To be honest, one of the reasons I haven’t finished my review yet is because its been difficult to gain perspective on the single. Becoming “jaded” or “too used to it” is one reason why I like to review things as soon as they are released as I usually form immediate and strong opinions about it. After about 10 listens though, this usually dies down and it becomes difficult to express previous thoughts on it. That’s why I usually end up changing my blog or starting “new” projects. XD

    Going back in time in a discography is definitely a good way to reacquaint yourself with a band and their sound and I’ll definitely be putting this idea to use. :)

    • Yeah, I’ve been into Visual Kei/Jrock for almost 5 years now, so I guess this was bound to happen to us eventually. ^^; Somehow, though, I can’t help but think that maybe it’s not just the fans who are experiencing jadedness. In a way you can sense it from the bands themselves, especially considering the drastic stylistic changes some of them have undergone just in the past year or two. It seems like a lot of groups have hit a similar stage, and are trying to figure out how to continue expanding and evolving, while still struggling with the fact that the VK scene is now pretty crowded. Even (or especially?) for veteran bands such as D’espairs and DuelJewel, with all the newcomer bands trying to cop their style, it seems like keeping a fresh but consistently good thing going would be a wicked challenge. With that in mind, I guess it makes it a bit easier to respect what they’re doing with their more experimental work.

      You definitely have a point with the whole Twitter thing. As weird as it sounds at first, actually this integrated social networking is actually really cool, and certainly could be the pebble that starts an avalanche. The fact that bands are working to interact with fans worldwide on a more independent and personal level is something new. As TMR was saying last week, depending on how the Twitter thing works out, it could effect his plans around where to tour.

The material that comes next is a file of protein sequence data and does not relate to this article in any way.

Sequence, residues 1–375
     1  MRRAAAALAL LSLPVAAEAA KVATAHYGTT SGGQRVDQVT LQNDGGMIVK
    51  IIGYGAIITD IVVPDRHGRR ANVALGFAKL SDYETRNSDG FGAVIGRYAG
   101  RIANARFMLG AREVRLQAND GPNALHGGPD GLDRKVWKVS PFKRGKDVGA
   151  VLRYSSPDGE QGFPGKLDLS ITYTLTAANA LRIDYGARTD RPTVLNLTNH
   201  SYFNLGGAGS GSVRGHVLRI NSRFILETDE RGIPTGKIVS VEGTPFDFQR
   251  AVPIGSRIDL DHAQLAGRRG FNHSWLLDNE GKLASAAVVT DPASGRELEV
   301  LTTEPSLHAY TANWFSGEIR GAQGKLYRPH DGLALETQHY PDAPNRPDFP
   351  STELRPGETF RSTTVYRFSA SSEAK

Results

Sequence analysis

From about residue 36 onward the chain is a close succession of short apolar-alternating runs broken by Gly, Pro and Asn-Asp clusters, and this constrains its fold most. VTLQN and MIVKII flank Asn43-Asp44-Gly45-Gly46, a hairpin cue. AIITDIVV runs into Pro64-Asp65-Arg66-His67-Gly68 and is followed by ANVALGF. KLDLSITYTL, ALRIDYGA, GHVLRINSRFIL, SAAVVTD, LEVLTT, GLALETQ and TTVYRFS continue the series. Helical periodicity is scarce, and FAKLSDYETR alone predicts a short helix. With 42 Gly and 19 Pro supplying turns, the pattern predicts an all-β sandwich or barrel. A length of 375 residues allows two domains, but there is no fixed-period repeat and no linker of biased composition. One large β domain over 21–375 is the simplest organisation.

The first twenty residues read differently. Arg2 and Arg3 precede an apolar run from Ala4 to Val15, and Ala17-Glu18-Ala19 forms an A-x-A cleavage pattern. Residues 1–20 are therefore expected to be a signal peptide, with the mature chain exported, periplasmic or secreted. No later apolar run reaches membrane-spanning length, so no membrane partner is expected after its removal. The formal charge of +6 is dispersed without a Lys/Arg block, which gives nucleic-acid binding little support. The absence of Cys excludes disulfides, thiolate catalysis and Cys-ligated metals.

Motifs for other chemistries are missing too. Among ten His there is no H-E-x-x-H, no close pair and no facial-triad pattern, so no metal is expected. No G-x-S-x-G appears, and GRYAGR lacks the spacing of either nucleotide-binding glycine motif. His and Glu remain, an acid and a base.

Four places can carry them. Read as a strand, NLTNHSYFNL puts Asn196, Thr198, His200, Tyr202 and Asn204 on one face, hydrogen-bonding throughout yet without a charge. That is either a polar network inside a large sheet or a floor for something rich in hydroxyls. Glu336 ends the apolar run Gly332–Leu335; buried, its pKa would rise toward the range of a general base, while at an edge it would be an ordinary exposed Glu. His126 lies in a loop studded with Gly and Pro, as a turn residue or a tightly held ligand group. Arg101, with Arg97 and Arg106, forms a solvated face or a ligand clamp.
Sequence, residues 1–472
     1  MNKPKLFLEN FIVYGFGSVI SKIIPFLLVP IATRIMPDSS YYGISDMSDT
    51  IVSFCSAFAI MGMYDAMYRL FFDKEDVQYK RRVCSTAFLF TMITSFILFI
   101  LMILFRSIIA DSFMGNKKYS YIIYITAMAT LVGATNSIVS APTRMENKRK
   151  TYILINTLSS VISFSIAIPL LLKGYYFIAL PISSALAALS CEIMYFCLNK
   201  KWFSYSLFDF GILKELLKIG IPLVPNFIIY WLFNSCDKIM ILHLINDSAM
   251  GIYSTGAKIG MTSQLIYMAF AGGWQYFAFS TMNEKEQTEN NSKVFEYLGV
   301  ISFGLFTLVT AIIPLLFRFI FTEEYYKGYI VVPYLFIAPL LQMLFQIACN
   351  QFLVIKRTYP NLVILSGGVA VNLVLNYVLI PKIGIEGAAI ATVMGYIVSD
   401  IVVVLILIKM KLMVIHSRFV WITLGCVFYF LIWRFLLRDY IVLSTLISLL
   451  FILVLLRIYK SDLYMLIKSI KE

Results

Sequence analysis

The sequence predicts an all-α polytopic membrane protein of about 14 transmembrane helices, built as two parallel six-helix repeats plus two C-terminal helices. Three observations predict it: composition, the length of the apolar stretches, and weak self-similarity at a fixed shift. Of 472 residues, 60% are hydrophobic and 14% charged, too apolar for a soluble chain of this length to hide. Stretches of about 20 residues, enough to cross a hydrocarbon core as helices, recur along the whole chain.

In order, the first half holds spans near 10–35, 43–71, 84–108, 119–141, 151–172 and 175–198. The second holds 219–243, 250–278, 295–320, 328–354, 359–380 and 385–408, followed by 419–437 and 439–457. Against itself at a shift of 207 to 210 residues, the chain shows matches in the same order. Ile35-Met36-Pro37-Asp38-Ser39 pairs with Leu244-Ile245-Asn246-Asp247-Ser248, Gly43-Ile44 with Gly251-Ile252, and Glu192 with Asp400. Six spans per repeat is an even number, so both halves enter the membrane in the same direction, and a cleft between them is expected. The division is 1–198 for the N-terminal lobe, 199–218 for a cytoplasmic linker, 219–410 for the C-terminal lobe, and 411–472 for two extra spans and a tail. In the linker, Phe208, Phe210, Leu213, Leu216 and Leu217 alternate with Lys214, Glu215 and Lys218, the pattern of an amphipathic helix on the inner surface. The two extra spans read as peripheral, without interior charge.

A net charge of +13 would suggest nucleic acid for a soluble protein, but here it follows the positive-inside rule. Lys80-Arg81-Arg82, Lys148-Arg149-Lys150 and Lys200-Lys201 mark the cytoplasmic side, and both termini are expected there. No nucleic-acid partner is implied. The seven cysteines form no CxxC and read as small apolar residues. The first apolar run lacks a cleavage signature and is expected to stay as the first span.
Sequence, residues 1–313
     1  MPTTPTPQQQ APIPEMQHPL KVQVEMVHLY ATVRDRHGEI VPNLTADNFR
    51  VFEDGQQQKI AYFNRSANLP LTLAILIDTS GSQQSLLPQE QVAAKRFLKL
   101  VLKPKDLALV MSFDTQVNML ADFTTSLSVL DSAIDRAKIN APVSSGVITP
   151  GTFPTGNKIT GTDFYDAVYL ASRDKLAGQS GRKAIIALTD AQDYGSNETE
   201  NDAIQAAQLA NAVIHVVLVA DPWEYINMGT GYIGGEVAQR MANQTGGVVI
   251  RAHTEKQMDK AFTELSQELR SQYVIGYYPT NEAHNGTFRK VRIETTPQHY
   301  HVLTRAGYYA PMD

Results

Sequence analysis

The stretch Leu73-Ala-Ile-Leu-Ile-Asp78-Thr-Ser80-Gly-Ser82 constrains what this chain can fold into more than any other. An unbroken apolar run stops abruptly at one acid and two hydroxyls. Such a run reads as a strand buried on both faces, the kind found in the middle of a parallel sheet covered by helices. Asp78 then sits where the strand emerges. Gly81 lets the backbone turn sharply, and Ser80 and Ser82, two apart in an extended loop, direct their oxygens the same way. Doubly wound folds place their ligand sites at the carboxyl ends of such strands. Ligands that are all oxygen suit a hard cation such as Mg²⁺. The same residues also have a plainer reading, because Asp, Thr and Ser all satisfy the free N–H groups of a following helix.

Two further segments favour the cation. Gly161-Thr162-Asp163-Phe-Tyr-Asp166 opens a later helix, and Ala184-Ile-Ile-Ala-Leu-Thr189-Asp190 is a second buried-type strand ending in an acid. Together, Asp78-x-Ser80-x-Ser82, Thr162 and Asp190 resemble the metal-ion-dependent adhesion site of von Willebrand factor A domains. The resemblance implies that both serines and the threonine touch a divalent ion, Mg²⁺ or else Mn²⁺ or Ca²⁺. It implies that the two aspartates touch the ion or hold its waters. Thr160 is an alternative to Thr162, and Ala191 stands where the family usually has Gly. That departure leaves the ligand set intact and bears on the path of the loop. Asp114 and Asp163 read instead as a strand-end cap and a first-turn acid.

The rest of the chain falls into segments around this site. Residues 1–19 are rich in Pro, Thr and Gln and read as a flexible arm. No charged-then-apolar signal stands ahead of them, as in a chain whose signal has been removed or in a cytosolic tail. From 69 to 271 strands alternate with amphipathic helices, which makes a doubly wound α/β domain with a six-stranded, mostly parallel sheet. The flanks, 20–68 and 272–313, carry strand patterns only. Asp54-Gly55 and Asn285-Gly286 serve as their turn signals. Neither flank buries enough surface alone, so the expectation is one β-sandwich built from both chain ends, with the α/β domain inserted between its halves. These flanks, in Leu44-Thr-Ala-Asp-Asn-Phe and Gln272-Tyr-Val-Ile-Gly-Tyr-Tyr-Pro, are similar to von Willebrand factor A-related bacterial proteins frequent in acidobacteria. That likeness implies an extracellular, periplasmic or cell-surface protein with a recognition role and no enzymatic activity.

Hah. I’m exactly the same with reviewing. Always caught between not wanting to be too rushed in my opinion, and not wanting to wait until all the opinions just neutralize….Anyway, I’m looking forward to seeing your review when/if you finish it. I couldn’t help but notice that it’s been a while since you posted anything. You have an awesome blog- I hope you don’t stop doing it! ;]

    • That would probably be a pretty effective remedy. I’m trying to figure out if D’espairs is ever planning on actually releasing tour dates. This is one example where they’re abusing Twitter… Stop announcing things before you have any information to give us!
      You’re going to be in NYC this summer, right? Planning on seeing Miyavi while you’re there?

      • Yip and Washington. :) I’d really like to go but the thing is, I’m not going on holiday with my family and there’s a set schedule for the conference I’m attending and I’d have to get leave permission which is only allowed if I’m visiting family. I have an aunt who’s stays in NY so I wanna see if I can contact her. But even before all this, I have to convince my mom that I won’t be commuting there on my own [it’s my first time visiting America. ^^;] and that it is not some giant concert hall but a live house…the Fillmore is a live house, right? X’D